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Sexuality

Clarence Thomas

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A new analysis is breaking down Supreme Court Justice Clarence Thomas' concurring opinion in the overturning of Roe v. Wade. The New York Times' Sheryl Gay Stolberg explained how Thomas' remarks appear to suggest that the abortion ban could only be the beginning of the conservative attack on civil rights.

According to Stolberg, Thomas "laid out a vision that fomented fears about what other rights could disappear: The same rationale that the Supreme Court used to declare there was no right to abortion, he said, should also be used to overturn cases establishing rights to contraception, same-sex consensual relations, and same-sex marriage."

Although Justice Samuel A. Alito's majority opinion insists the ruling on abortion “should be understood to cast doubt on precedents that do not concern abortion,” Stolberg emphasized that Thomas also argued that the court's majority does not view abortion as "a form of 'liberty' protected by the due process clause of the 14th Amendment to the Constitution."

She went on to note three cases that he used as an example to support his arguments as they were ruled upon according to the same line of reasoning. Stolberg noted that Thomas "took aim at three other landmark cases that relied on that same legal reasoning: Griswold v. Connecticut, a 1965 decision that declared married couples had a right to contraception; Lawrence v. Texas, a 2003 case invalidating sodomy laws and making same-sex sexual activity legal across the country; and Obergefell v. Hodges, the 2015 case establishing the right of gay couples to marry."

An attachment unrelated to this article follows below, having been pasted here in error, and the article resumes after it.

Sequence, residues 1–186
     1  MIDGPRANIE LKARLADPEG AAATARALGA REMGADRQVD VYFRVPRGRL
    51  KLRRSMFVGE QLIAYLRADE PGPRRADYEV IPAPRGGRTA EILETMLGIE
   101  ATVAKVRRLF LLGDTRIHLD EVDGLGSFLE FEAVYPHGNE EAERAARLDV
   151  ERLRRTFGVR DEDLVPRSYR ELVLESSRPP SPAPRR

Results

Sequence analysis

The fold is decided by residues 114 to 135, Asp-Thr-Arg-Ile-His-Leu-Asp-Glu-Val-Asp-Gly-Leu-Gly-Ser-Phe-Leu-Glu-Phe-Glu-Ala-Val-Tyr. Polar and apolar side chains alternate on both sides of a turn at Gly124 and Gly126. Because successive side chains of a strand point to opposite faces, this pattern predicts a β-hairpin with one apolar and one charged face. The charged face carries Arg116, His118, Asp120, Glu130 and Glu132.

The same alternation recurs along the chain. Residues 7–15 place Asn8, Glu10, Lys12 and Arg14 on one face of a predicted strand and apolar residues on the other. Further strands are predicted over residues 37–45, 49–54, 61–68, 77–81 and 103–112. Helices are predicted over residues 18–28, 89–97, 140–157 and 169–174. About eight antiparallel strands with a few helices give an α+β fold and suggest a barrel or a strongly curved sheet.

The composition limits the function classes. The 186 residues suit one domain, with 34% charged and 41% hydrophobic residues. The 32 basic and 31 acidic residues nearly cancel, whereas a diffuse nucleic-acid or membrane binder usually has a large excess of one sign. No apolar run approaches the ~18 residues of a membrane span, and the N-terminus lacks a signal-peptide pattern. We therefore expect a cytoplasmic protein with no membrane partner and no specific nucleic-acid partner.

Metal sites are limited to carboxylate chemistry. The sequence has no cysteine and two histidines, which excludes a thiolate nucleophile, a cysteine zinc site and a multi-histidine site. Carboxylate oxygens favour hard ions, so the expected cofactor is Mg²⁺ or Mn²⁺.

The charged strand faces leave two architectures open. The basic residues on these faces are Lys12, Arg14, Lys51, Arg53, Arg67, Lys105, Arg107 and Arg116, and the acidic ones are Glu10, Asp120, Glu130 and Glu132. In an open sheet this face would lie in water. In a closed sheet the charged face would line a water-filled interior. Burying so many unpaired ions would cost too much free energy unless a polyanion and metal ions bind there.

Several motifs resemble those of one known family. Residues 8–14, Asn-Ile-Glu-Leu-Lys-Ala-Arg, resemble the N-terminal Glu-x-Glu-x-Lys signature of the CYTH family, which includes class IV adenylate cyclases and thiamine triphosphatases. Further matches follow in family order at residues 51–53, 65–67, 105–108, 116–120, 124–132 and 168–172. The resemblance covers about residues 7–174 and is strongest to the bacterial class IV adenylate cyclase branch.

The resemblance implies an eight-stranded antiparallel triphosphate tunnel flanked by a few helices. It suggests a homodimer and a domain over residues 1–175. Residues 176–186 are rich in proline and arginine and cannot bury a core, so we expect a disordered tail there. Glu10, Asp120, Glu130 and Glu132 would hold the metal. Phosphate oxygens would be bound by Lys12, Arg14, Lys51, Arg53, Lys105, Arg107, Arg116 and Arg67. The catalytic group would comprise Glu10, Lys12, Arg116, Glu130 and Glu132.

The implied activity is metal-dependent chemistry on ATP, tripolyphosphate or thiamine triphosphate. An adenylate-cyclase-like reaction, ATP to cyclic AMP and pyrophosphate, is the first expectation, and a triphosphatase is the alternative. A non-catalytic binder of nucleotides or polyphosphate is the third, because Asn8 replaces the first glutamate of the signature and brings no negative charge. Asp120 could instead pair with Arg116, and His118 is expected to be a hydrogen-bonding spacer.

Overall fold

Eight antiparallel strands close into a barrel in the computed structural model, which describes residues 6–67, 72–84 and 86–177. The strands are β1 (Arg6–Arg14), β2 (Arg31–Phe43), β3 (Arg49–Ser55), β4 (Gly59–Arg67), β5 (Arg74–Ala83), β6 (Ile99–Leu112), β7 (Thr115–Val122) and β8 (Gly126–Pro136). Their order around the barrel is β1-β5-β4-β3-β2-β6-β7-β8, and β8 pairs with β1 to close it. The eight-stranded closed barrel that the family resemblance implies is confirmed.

She continued, "Justice Thomas wrote that the court 'should reconsider' all three decisions, saying it had a duty to 'correct the error' established in those precedents. Then, he said, after 'overruling these demonstrably erroneous decisions, the question would remain whether other constitutional provisions” protected the rights they established.'"


Stolberg noted that Thomas' language is a prime example of the epitome of what abortion and LGBTQ advocates have expressed concern about. Advocates have repeatedly warned that the overturn of Roe v. Wade would only be the beginning of a conservative attack that could subsequently lead to attacks on "the right to contraception and same-sex marriage."

The critical assessment of Thomas' remarks comes as the liberal SCOTUS justices also express their dissent regarding the unprecedented ruling. As reports began circulating about the ruling, Justices Stephen Breyer, Sonia Sotomayor, and Elena Kagan weighed in with their remarks

“With sorrow ― for this Court, but more, for the many millions of American women who have today lost a fundamental constitutional protection ― we dissent,” wrote Breyer, Sotomayor, and Kagan.

The statement comes in wake of conservative justices' ruling on Dobbs v. Jackson Women’s Health Organization which will subsequently regress federal abortion laws back nearly half a century.

“Today, the Court discards that balance,” the justices wrote. “It says that from the very moment of fertilization, a woman has no rights to speak of. A State can force her to bring a pregnancy to term, even at the steepest personal and familial costs.”

Reprinted with permission from Alternet.

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Russell Moore

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Russell Moore, the former president of the Ethics & Religious Liberty Commission of the Southern Baptist Convention, is calling the massive sexual abuse – including child molestation and rape – in the SBC an “apocalypse.” He says, “I cannot help but wonder what else this can be called but a criminal conspiracy.”